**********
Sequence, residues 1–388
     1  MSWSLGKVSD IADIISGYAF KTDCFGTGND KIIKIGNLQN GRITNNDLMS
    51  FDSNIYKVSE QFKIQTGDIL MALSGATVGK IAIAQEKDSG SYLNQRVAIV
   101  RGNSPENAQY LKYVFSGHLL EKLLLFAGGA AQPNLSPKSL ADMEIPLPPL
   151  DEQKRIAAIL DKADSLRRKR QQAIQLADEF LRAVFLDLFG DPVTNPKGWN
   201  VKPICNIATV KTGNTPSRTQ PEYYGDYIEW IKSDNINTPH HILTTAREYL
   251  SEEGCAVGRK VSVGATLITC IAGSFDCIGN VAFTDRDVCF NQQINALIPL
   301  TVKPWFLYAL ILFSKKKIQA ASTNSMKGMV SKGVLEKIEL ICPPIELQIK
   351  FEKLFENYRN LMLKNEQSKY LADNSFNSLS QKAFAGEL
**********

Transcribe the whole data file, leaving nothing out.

Sequence, residues 1–388
     1  MSWSLGKVSD IADIISGYAF KTDCFGTGND KIIKIGNLQN GRITNNDLMS
    51  FDSNIYKVSE QFKIQTGDIL MALSGATVGK IAIAQEKDSG SYLNQRVAIV
   101  RGNSPENAQY LKYVFSGHLL EKLLLFAGGA AQPNLSPKSL ADMEIPLPPL
   151  DEQKRIAAIL DKADSLRRKR QQAIQLADEF LRAVFLDLFG DPVTNPKGWN
   201  VKPICNIATV KTGNTPSRTQ PEYYGDYIEW IKSDNINTPH HILTTAREYL
   251  SEEGCAVGRK VSVGATLITC IAGSFDCIGN VAFTDRDVCF NQQINALIPL
   301  TVKPWFLYAL ILFSKKKIQA ASTNSMKGMV SKGVLEKIEL ICPPIELQIK
   351  FEKLFENYRN LMLKNEQSKY LADNSFNSLS QKAFAGEL